The Massachusetts special election to fill John Kerry's vacancy is a statistical dead heat. Markey's rather unimpressive record after nearly four decades in Congress seems to be keeping from jumping ahead in the polls, despite the Bay State being a Democratic stronghold. Republicans have been hammering Markey on his 1992 ethics investigation, and the ninety-two bounced checks that contributed to the closure of the House bank. While the poll was conducted by a Republican pollster, it's the independents that really stand out. They're a major voting bloc in the state, as indies make up more than half of the electorate. In all, the Hill reported yesterday that:
[O]nMessage Inc., gives Markey 46 percent support to Gomez's 43 percent, with 11 percent of respondents undecided. Markey's lead is within the poll's 3.4 percent margin of error, indicating the race is a statistical dead heat.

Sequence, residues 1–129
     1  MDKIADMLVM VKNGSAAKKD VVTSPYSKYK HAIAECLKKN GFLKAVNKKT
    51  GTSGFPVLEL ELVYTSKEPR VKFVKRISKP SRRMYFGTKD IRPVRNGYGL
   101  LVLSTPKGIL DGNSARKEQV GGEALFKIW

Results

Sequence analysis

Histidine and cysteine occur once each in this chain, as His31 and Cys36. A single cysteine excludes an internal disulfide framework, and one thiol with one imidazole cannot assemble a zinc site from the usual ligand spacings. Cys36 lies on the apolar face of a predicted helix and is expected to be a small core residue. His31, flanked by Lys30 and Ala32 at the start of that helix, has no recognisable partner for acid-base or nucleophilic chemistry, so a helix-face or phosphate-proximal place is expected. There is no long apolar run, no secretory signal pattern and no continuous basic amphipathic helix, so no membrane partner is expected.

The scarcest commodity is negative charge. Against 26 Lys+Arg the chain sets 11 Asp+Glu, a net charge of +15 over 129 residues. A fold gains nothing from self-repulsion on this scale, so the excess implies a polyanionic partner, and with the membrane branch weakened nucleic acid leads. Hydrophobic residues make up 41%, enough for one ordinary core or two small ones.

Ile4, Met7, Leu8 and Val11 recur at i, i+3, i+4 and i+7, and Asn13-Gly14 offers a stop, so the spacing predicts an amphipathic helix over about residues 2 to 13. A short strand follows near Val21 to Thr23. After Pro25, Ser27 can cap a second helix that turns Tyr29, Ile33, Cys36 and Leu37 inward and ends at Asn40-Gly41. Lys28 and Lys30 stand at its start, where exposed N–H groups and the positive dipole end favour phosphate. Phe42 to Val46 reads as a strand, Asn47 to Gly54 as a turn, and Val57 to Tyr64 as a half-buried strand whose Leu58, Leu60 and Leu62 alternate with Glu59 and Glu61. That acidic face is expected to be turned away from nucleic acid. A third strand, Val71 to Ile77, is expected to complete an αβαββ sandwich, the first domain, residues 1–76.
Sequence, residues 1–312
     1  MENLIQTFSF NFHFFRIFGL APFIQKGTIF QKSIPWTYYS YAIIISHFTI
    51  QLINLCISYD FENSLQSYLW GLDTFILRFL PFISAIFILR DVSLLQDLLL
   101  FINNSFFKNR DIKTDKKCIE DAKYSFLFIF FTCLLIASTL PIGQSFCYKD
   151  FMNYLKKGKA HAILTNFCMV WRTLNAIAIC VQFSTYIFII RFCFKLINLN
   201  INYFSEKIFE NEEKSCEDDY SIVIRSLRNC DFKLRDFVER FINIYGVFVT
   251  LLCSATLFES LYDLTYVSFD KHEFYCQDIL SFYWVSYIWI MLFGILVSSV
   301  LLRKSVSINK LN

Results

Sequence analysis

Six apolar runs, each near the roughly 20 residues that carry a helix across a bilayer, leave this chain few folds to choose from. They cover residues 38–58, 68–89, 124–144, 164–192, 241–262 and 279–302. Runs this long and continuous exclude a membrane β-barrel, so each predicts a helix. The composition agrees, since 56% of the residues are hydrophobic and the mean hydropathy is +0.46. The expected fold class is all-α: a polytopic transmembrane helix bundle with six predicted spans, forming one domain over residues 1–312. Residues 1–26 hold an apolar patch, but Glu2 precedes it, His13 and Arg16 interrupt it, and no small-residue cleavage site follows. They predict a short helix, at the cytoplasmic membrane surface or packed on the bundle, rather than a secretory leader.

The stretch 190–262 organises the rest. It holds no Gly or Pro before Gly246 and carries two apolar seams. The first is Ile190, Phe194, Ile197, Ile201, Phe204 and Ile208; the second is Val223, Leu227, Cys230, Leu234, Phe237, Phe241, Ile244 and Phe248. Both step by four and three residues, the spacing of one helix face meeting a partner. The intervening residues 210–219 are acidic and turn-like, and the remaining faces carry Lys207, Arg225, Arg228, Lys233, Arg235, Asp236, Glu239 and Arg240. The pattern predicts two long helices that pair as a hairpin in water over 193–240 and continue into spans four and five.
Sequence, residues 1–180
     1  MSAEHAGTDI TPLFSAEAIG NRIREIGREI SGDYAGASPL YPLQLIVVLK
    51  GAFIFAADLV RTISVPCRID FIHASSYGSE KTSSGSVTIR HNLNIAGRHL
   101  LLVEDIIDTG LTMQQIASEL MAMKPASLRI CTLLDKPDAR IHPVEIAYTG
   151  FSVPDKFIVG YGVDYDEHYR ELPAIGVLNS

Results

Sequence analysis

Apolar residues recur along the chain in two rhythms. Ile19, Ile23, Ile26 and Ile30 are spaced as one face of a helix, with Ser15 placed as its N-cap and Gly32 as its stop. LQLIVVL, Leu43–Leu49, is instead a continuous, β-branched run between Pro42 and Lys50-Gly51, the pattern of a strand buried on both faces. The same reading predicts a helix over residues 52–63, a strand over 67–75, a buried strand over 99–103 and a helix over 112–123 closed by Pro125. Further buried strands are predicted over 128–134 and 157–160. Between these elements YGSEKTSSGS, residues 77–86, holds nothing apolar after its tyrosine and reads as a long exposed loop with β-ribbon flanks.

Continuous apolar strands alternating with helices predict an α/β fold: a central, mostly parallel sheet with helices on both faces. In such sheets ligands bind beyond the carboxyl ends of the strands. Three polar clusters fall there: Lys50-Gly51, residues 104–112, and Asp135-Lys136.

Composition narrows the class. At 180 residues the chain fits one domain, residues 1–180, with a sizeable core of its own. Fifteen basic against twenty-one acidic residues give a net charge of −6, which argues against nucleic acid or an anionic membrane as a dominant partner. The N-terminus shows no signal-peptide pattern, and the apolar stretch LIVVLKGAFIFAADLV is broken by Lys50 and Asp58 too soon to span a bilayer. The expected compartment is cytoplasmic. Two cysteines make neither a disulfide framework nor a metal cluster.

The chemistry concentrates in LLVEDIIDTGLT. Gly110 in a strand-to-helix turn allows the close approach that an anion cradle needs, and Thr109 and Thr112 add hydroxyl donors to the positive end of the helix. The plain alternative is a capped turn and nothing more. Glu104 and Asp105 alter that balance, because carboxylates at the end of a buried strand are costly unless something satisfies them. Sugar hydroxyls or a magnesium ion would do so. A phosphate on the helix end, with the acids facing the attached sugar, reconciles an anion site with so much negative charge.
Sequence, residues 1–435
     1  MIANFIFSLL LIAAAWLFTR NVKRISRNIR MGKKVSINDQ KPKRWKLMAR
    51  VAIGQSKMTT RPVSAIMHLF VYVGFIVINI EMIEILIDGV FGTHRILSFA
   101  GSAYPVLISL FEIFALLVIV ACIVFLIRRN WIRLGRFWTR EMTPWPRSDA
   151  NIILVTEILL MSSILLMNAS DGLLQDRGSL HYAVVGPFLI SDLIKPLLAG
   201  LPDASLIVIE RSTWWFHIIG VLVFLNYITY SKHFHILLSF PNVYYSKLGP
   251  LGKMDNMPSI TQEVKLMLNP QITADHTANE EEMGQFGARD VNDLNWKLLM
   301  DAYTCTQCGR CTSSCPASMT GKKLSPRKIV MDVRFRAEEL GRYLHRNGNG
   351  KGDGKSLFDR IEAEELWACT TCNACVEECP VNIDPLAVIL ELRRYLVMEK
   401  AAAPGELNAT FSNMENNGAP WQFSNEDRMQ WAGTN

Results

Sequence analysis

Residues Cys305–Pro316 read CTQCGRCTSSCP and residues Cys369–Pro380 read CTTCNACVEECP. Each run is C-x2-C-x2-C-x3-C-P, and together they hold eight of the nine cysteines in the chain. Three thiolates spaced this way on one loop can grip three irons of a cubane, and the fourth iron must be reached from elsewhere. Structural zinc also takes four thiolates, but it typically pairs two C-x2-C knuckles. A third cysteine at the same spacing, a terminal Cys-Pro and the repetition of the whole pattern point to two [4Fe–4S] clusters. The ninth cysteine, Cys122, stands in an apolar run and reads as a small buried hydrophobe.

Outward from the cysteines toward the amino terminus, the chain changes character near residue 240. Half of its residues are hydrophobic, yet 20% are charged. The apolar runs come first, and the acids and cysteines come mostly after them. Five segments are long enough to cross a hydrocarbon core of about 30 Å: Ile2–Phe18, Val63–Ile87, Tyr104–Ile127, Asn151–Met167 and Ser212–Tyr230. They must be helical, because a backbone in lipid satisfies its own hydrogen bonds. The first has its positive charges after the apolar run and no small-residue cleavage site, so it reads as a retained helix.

Both Markey and Gomez have similarly high favorables overall, but fewer respondents view Gomez unfavorably than Markey, likely due to the fact that voters haven't yet tuned into the race and still don't know much about him.
But Gomez fares better among independents, a key voting bloc in Massachusetts, as more than half of the state's voters aren't registered with either party. Only 10 percent of independents view him negatively, while 44 percent view Markey negatively, putting Markey underwater with independents.
The internal poll was conducted among 800 likely special election voters from May 5-7.
Pollster Wes Anderson writes in his memo on the survey that Markey can't continue to be seen so negatively by independents "and hope to win."
The special election will be held on June 25. Markey has some work to do.